Definition of Hindustani in English:



mass noun
  • 1A group of mutually intelligible languages and dialects spoken in north-western India, principally Hindi and Urdu.

    • ‘To a mammoth crowd he spoke in Hindustani about the Government's determination to abolish both untouchability and landlordism.’
    • ‘East Lynne was repeatedly dramatized and filmed, and translated into many languages, from Welsh to Hindustani.’
    • ‘In an early scene, Hari is snobbish with Ronald when he is addressed in Hindustani (he can speak only English).’
    • ‘This is partly because of the spoken Hindustani being Sanskritised.’
    • ‘I was stationed near Chittagong during the war, and speak a little Hindustani.’
    • ‘The Muslims kept the words, and Hindustani came to be called Urdu.’
    • ‘When I was growing up, the only language I ever heard was either Urdu or Hindustani.’
    • ‘Even though Dr. Joshi knows chaste Hindi, he spoke in Hindustani peppered heavily with Urdu words.’
    • ‘When he began speaking in Hindustani, the Chairman reminded him that many members did not know the language.’
    • ‘Urdu and Hindi are the same language, khari boli or Hindustani, written in two alphabets.’
    • ‘French, Spanish, and English patios are also common, as well as Hindustani, a dialect of Phojpuri Hindi.’
    • ‘They speak, Urdu or Hindustani regardless of the local languages of an Indian State in which they happen to live and thrive.’
    • ‘She laughs and says, ‘I've told you so many times not to talk to me in Hindustani.’’
    • ‘The overwhelming majority of Indo-Fijians speak Fiji Hindustani, or Fiji Hindi.’
    • ‘Therefore, no credit at all except for some vocabulary is given to Turkish languages in the history of development of Urdu, Hindi or Hindustani.’
    • ‘It is a pleasant amalgam of Persian, Arabic, Marathi, and Hindustani with Konkani as its base.’
    • ‘English is the official language in Fiji, though Fijian and Hindustani are also spoken.’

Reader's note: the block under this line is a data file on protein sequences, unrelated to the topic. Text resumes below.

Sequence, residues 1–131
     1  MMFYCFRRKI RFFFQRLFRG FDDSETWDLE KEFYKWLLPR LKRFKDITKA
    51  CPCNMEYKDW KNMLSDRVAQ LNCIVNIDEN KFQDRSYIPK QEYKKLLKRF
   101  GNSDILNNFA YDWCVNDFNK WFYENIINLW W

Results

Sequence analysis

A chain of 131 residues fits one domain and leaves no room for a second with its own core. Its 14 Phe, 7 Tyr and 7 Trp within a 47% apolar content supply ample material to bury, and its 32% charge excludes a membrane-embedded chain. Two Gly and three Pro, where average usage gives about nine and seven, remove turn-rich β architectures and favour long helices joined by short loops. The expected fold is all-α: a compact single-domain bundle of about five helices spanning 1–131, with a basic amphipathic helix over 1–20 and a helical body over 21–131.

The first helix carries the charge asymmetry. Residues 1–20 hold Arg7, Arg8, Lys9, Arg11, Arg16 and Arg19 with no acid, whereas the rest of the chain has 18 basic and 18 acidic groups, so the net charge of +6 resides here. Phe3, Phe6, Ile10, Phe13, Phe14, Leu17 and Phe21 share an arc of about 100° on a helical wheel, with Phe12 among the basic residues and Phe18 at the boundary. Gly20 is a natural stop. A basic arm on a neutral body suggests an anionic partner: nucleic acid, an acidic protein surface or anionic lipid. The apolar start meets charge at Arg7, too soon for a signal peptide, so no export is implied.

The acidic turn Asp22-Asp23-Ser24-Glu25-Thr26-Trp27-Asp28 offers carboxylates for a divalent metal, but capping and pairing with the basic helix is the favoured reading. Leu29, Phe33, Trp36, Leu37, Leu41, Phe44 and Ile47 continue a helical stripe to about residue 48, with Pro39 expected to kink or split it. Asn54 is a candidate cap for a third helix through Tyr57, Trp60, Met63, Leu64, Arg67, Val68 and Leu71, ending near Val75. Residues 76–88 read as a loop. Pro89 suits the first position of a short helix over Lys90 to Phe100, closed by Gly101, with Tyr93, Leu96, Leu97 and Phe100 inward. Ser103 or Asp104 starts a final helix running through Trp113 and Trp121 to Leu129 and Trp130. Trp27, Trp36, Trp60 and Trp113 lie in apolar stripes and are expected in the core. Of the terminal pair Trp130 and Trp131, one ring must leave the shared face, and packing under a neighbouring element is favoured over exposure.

1. 1.1 The Delhi dialect of Hindi, widely used throughout India as a lingua franca.


  • 1Relating to Hindustani.

    1. 1.1 Relating to the culture of north-western India.
      ‘Hindustani classical music’
      • ‘In North America, between 250 to 300 well-organized concerts of Carnatic and Hindustani music are presented each year by over 100 local organizers.’
      • ‘Moaning is a key part of the Hindustani zeitgeist.’
      • ‘The fusion of Indian melody of the Hindustani variety (as opposed to the Carnatic) and steady-paced jazz-rock beats is uplifitng.’
      • ‘When the emphasis is on patrons and court culture, a limited reading of Hindustani music is inevitable.’
      • ‘And of course, be prepared to make that transition from pop, rock, and blues (blaring out of your car stereo) to the Hindustani stuff.’
      • ‘It is open to all practitioners of music including Carnatic, Hindustani, Western, Light-Classical and Devotional.’
      • ‘How is Carnatic music different from Hindustani?’
      • ‘A great admirer of Lata Mangeshkar, Shalini is passionate about Carnatic and Hindustani music besides Western classical.’
      • ‘They can learn Carnatic or Hindustani vocal as well.’
      • ‘The Gandharv channel promotes Hindustani music, reflecting the current musical scenario and upcoming artists, besides the veterans.’
      • ‘The book's closing story, for example, is about Mohanji, a gentle and gifted singer trained in classical Hindustani music.’
      • ‘Ananya is an organisation that has been involved in promoting Hindustani and Carnatic music through its various activities.’
      • ‘I play Dhrupad, a kind of classical Hindustani music, on this rudraveena.’
      • ‘The Hindustani POWs in Turkey were coaxed to join this army.’
      • ‘And on the 25th year of its existence, the Academy also plans to honour some living legends of Hindustani music.’
      • ‘‘You are so responsive an audience…’ exclaimed M.S. Gopalakrishnan, who regaled the crowd with his Hindustani violin.’
      • ‘The ‘ragas’ and ‘raginis’ of Hindustani music were treated as lovers and beloveds of the medieval times.’


Hindustani was the usual term in the 18th and 19th centuries for the native language of north-western India. The usual modern term is Hindi (or Urdu in Muslim contexts), although Hindustani is still used to refer to the dialect of Hindi spoken around Delhi